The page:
Make birds happy by planting a black cherry tree in your yard | Legare

·3 min read
Black cherry trees blossoms.
Black cherry trees blossoms.

If you want to nurture birds in your yard, you cannot go wrong by planting a black cherry tree (Prunus serotina). It is considered a keystone species, which means it has a disproportionately large effect on the abundance and diversity of other species, like insects, in an ecosystem.

There are 247 species of caterpillars that feed on plants in the Prunus genus in my Tallahassee zip code. Entomologist, ecologist, and author Doug Tallamy considers black cherry and other native Prunus species as his number two pick of ecological gold in the landscape, with oaks rated number one.

Visit National Wildlife Federation’s Plant Finder and type in your zip code to find out what native plants nurture the most caterpillars in your area.

You may wonder why I am writing about caterpillars when this article is supposed to be about attracting birds.

Black cherry is one of the host plants for the Eastern Tiger Swallowtail caterpillar.
Black cherry is one of the host plants for the Eastern Tiger Swallowtail caterpillar.

Let us look at one species – the Cecropia Moth. An individual female lays up to 300 eggs on its host plants of mainly black cherry, birch, or maple. Of those 300 caterpillars that hatch from these eggs, how many live to reproduce as a moth? Only two or three!

What happens to all the others?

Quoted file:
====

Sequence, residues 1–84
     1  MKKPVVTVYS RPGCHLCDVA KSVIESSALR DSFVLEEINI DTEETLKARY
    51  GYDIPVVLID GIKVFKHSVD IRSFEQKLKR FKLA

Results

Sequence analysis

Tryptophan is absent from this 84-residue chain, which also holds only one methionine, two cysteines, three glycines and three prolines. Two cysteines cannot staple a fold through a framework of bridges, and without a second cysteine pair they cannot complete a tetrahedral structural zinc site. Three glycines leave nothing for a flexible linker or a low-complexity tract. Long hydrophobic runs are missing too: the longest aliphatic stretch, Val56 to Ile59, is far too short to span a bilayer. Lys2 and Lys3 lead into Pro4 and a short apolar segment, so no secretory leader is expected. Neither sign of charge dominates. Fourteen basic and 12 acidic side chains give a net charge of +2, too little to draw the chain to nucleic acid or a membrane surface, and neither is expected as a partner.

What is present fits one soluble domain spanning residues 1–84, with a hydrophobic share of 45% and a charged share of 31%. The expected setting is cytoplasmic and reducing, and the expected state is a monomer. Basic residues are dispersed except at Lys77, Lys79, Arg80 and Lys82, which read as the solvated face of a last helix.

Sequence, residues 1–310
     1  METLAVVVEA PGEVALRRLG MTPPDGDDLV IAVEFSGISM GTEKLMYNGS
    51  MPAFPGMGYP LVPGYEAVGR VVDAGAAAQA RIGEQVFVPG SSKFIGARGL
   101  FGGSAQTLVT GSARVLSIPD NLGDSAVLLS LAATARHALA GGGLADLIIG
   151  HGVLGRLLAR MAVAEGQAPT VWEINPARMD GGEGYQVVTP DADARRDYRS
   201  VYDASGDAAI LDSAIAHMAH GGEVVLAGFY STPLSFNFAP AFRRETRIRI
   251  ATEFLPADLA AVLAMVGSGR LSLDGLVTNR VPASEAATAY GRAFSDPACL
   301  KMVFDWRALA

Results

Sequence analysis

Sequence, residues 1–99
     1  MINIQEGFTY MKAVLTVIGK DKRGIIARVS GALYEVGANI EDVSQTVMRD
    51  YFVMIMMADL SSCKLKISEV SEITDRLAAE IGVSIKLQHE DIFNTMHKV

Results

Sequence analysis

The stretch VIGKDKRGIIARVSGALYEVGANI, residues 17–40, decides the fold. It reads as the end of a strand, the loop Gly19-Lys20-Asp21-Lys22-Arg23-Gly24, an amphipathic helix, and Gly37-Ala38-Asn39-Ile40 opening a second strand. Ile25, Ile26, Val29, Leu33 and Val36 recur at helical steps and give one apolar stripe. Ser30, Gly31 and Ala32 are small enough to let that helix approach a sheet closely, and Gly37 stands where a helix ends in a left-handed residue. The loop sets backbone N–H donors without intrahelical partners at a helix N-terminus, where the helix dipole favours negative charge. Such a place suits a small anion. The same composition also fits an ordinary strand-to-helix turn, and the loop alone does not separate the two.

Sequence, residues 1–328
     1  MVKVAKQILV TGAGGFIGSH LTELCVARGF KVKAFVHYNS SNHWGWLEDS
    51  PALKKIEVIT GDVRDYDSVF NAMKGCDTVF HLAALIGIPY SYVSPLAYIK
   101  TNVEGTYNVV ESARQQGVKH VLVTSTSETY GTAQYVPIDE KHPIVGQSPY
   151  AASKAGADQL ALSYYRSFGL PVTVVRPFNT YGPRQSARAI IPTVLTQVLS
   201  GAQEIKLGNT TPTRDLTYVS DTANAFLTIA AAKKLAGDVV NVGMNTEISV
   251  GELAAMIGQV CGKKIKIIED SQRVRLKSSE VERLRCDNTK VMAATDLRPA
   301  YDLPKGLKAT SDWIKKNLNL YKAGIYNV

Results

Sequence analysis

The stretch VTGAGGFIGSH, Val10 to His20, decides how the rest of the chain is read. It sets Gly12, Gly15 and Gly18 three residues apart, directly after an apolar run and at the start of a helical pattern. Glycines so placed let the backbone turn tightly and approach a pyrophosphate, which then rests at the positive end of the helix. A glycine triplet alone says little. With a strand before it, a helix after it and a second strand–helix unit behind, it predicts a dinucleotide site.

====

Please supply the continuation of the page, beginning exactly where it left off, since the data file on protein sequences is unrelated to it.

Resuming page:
They are consumed as high-quality protein by spiders, lizards, wasps, and yes, birds – a complex food web with a native plant at its base. These caterpillars are produced when the leaves are young and tender, a time when birds are busy searching for insects, primarily caterpillars, to feed their young.

There are butterflies such as the Eastern Tiger Swallowtail and Red-spotted Purple that are associated with black cherry, but moth species produce a good many more caterpillars. One that comes to mind are tent caterpillars which are highly attractive to Yellow-billed Cuckoos.

Reddish black fruit is eaten by migrating and resident birds.
Reddish black fruit is eaten by migrating and resident birds.

Growing up on the south shore of Long Island, I have fond memories associated with a grove of black cherries, also known as wild cherry, in our front yard. It is, indeed, a beautiful tree with greyish-black textured bark, and its long, slender densely packed white flower clusters that bear nectar and pollen for native bees and honeybees.

The flowers are followed by abundant small dark purplish red to black fruit called drupes that are highly favored by birds from thrushes and woodpeckers to sparrows, cardinals, tanagers, and bluebirds. Its fruits are especially important to migrating birds. And it even has nice fall color – brilliant yellow and reddish orange.

You can purchase a black cherry from a plant nursery but if you look around at the small seedlings that pop up in your yard, there is a good chance one may be black cherry.

The copious amounts of fruit provide nourishment for birds and then birds do their part by dispersing the seeds, after they have been processed through their digestive tracts, to old fields, hedgerows, and urban and suburban yards.

Black cherry will grow in sun or partial shade, 70 to 90 feet tall, in average to well-drained soil in the eastern United States, as far south as the Tampa/Orlando area.

What you plant in your yard matters. Your landscaping can be mere decoration, or it can be habitat for birds and other wildlife. It is up to you.

Donna Legare is the retired co-founder of Native Nurseries and is a volunteer writer for UF/IFAS Extension Leon County, an Equal Opportunity Institution. For gardening questions, email the extension office at AskAMasterGardener@ifas.ufl.edu.

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This article originally appeared on Tallahassee Democrat: Black cherry trees are key to food chain for birds and other wildlife